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Tories at War review: Lack of restraint among Conservatives is quite stunning to behold

Sean O'Grady
The incidental music vibrantly adds a satirical touch to the dismal proceedings of 'Tories at War': Pro Co

After an hour of Tories at War (Channel 4), I felt I had to get out into the fresh air and go for a walk. The foul language; the visceral hatred; the unbearable tensions; the violence being inflicted on ancient institutions and this poor old knackered country by the Tories, as if with chainsaws and zombie knives – it was like watching my first Saw movie.

They say sunshine is the best disinfectant, and outside in the bright autumnal afternoon I felt cleansed, and I put together some thoughts about why this superb fly-on-the-wall documentary works as well as it does.

For a start, the access secured by filmmaker Patrick Forbes was breathtaking, and the lack of restraint among the Tory parliamentarians quite stunning to behold. Discipline and morale has utterly collapsed. From January until a few weeks ago the penultimate dramas of Brexit are played out. For example, we witness the inside of a Eurosceptic European Research Group meeting, not so much foam flecked as more consumed by a sort of grim group paranoia, a body of men and women all determined to believe that “they” – ie their fellow Conservatives running the party and the country – are lying to them, conspiring against them, sneakily betraying Brexit. It was disturbing to watch, and very otherworldly.

Jacob Rees-Mogg, leader of the ERG, responding to yet another Commons calamity for Theresa May, mumbled something about “‘it’ doesn’t always mean what ‘it’ means”, like a pin-striped Bill Clinton talking about oral sex.

Almost all the filming took place indoors and the claustrophobia, literal and metaphorical, was overpowering. The incidental music – lots of Bizet – added a vibrantly satirical touch to the dismal proceedings. Everything is dark, in all senses.

Then there is the swearing. I’ve met a few politicians in my time and noted how they, like journalists, have an inventive capacity for fruity language. But there is something especially entertaining in watching, on camera, these usually tightly controlled, professionally spun, careful individuals just letting fly with the F-word. “Who the f*** do they think they are?” asks Alan Duncan MP of his opponents. Anna Soubry doesn’t wish to speak to her “f***ing chief whip”. My favourite was probably the moment when Nicholas Soames just declared “we are completely buggered”, his bulk subsiding on his desk like the fall of an empire. The rest of the rude words cannot be reprinted on a family website.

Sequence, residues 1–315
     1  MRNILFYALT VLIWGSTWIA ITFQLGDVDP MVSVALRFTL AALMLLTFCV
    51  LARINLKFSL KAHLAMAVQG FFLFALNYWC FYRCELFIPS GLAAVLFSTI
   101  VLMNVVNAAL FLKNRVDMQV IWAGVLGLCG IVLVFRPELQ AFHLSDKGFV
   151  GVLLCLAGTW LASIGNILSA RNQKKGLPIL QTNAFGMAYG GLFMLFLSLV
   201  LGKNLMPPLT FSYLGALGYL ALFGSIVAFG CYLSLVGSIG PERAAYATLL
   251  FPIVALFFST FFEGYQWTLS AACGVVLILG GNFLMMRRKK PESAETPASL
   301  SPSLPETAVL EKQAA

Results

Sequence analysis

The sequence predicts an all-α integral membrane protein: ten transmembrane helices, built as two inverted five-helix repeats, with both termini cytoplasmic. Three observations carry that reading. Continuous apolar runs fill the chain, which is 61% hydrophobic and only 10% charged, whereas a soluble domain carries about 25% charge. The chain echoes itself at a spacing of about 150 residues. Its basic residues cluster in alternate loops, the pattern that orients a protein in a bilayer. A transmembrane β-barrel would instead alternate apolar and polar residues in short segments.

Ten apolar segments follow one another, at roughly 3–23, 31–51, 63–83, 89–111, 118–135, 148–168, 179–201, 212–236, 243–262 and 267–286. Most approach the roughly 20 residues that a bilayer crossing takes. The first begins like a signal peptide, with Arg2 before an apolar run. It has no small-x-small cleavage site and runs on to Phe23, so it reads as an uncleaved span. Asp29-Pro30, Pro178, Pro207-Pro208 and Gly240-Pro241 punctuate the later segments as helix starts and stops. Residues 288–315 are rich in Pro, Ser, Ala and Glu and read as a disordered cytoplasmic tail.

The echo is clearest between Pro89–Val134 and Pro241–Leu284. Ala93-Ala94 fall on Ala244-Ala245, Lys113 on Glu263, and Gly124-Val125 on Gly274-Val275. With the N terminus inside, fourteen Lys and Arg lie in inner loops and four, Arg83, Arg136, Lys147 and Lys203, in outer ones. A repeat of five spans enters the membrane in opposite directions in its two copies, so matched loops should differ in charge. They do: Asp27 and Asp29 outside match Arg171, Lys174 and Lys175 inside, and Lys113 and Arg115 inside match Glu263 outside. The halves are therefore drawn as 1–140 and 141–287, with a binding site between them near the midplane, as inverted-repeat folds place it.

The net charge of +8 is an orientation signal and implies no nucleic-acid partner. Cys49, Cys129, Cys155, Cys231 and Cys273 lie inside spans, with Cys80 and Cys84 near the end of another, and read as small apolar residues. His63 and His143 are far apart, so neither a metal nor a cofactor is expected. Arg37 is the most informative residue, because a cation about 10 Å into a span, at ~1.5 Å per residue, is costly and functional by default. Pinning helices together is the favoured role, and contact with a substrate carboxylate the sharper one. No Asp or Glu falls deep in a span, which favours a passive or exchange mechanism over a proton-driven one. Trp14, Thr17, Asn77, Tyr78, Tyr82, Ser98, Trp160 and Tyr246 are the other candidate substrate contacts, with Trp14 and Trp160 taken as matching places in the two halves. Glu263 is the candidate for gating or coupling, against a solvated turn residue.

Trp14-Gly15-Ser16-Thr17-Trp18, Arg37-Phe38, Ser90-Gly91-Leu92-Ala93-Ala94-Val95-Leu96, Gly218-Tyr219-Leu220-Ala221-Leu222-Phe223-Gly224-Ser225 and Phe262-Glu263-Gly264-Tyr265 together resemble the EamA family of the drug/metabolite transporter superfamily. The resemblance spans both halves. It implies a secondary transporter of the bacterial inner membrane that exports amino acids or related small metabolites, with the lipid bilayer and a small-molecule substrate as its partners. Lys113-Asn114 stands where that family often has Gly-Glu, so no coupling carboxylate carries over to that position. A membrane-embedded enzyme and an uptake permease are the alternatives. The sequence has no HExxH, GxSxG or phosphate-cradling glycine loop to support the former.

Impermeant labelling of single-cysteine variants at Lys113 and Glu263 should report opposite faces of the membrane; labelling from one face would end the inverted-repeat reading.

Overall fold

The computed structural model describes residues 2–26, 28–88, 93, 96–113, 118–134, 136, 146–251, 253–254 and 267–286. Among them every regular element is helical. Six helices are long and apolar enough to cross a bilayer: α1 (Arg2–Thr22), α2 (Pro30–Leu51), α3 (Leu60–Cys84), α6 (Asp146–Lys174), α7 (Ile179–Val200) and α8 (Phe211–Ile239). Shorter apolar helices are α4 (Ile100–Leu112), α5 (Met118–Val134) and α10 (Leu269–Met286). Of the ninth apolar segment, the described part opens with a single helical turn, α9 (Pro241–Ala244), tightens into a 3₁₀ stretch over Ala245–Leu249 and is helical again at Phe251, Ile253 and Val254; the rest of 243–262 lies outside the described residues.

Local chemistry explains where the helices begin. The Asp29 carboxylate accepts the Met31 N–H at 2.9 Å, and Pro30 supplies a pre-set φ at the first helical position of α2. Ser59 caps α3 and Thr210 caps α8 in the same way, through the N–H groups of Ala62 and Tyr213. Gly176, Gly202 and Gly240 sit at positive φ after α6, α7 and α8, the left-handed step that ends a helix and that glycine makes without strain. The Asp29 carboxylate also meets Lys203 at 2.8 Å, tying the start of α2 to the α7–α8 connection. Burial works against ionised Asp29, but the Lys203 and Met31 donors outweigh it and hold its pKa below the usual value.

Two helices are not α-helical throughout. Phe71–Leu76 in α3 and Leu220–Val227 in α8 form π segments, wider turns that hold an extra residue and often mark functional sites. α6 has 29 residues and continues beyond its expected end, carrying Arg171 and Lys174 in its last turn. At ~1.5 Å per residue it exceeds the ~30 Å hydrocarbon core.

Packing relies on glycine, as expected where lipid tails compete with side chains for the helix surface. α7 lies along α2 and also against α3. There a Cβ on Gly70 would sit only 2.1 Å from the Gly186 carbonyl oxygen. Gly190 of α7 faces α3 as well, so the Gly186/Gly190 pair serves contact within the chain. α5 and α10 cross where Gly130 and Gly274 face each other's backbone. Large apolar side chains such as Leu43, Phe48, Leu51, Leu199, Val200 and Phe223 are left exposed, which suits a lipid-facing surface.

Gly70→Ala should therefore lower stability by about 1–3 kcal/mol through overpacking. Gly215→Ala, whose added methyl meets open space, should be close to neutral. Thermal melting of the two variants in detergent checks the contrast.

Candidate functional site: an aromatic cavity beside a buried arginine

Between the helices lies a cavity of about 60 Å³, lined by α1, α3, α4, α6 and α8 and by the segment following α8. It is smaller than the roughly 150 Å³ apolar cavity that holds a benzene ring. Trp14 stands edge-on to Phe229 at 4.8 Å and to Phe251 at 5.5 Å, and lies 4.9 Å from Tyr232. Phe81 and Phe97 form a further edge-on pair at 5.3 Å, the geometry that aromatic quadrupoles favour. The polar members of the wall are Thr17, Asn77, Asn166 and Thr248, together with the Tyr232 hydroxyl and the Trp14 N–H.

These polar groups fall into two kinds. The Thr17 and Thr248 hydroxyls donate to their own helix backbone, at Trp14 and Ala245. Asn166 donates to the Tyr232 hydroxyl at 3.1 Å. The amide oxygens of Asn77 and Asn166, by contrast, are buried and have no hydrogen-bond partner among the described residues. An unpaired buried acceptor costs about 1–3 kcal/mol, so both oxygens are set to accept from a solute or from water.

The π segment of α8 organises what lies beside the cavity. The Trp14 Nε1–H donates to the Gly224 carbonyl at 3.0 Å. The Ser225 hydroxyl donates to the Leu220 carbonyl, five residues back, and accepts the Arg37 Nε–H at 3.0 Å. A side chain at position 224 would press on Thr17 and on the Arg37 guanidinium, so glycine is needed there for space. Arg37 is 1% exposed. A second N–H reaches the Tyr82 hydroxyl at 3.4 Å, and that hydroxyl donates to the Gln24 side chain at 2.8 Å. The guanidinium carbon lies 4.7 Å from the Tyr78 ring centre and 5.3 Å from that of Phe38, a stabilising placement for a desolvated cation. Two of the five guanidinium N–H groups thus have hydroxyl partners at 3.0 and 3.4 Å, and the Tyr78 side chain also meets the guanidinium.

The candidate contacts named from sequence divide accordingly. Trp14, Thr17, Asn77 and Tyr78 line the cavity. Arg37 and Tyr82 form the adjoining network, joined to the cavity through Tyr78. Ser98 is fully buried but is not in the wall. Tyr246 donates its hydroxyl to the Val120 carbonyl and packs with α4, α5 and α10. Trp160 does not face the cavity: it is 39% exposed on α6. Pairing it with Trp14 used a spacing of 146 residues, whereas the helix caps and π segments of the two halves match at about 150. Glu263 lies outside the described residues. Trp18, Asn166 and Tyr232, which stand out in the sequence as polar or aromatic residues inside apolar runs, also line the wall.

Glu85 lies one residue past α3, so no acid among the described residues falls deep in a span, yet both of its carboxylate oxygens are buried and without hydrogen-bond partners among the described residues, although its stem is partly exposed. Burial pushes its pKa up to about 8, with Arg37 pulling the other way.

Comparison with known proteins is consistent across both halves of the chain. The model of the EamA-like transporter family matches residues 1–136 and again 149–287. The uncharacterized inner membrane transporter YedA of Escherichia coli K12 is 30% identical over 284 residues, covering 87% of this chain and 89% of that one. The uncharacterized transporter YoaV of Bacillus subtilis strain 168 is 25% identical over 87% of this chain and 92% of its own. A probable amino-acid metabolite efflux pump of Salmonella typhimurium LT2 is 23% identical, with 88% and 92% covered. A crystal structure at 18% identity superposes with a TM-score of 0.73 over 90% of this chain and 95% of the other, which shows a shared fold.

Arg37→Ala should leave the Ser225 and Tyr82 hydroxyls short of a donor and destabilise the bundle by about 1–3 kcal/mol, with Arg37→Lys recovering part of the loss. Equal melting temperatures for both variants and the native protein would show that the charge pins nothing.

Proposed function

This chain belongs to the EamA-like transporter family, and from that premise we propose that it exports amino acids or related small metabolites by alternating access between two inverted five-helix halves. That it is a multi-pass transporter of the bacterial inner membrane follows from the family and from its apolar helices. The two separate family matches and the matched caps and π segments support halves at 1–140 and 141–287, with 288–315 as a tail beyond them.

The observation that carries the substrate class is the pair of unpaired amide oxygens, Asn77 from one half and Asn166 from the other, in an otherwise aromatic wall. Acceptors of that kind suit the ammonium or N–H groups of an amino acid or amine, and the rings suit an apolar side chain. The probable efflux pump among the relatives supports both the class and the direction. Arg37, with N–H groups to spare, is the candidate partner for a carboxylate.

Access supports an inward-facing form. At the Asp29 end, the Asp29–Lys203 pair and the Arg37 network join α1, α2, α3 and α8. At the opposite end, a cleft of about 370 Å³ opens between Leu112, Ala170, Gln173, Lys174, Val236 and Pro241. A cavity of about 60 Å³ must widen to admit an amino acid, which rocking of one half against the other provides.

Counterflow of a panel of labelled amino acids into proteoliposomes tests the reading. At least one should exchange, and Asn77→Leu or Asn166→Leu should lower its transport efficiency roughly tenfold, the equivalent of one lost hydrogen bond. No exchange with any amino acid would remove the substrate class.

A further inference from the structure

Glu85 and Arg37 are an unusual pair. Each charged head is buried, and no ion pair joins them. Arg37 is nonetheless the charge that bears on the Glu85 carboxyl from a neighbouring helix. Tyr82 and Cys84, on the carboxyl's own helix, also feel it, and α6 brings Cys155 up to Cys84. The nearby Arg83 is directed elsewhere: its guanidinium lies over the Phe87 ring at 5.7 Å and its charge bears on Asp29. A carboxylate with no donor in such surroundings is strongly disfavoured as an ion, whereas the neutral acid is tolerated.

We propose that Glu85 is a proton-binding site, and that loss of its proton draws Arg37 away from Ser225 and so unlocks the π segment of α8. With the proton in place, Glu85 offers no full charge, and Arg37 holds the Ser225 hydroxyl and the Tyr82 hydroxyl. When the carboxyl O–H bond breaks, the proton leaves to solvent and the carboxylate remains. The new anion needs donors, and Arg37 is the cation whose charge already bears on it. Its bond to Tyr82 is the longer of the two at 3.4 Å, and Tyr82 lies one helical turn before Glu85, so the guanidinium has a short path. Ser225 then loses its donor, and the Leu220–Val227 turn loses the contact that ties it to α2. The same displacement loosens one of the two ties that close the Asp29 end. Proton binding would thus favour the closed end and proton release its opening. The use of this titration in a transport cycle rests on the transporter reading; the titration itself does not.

The insults were quite lively, too. Remember that these are, or were, people supposed to be in the same political movement. Anna Soubry, who really did seem to be losing it a bit, warned us Boris Johnson is “the great charlatan”, which is unarguable. Alan Duncan, the dapper Foreign Office minister once described as a “bonsai Michael Heseltine”, did a passable and contemptuous impression of Rees-Mogg’s plummy accent, and wrote off Priti Patel as “a complete and utter disgrace” and “the worst international development secretary we have ever had”.

Nicky Morgan even managed to self-parody herself when she abandoned all previous principles and positions, and chucked her lot in with Boris and no deal: “I am intensely pragmatic”. Yes, Nicky, that’s one way of describing monumental self-betrayal.

Andrew Bridgen, a Hobbit-like Eurosceptic who made his money out of potatoes, is apparently known to colleagues as “Spud-U-Hate”. He is perfectly open about plotting with Nigel Farage for some sort of electoral pact over drinks in some bar called Lou Lou’s. Just in case you were wondering where Britain’s economic future is being charted.

And on and on it goes, and will go. We see Farage, filmed many months ago, as he “privately” confides a prediction, one of the few accurate ones: “We are not leaving on 31 October... if Boris wins we ain’t leaving.” Farage was, in fact, by far the shrewdest operator we see in the whole sorry s**tshow: credit where it’s due.

Alan Duncan sums up the documentary, and the state of the Conservatives thus: “The sadness is you are mapping the day-to-day slow death of the most successful political party in democratic history.” Sad, yes, and horrific, but utterly, gut-wrenchingly compelling.